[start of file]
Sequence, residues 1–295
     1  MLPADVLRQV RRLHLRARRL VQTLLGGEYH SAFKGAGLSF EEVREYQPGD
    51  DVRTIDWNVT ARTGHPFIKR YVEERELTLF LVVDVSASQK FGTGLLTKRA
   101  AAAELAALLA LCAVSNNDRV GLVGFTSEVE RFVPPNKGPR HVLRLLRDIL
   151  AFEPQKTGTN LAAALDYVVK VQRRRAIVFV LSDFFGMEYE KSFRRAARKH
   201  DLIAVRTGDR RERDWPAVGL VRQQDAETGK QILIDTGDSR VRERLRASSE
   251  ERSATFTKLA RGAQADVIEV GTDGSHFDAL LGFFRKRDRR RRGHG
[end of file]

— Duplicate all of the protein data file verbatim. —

Sequence, residues 1–295
     1  MLPADVLRQV RRLHLRARRL VQTLLGGEYH SAFKGAGLSF EEVREYQPGD
    51  DVRTIDWNVT ARTGHPFIKR YVEERELTLF LVVDVSASQK FGTGLLTKRA
   101  AAAELAALLA LCAVSNNDRV GLVGFTSEVE RFVPPNKGPR HVLRLLRDIL
   151  AFEPQKTGTN LAAALDYVVK VQRRRAIVFV LSDFFGMEYE KSFRRAARKH
   201  DLIAVRTGDR RERDWPAVGL VRQQDAETGK QILIDTGDSR VRERLRASSE
   251  ERSATFTKLA RGAQADVIEV GTDGSHFDAL LGFFRKRDRR RRGHG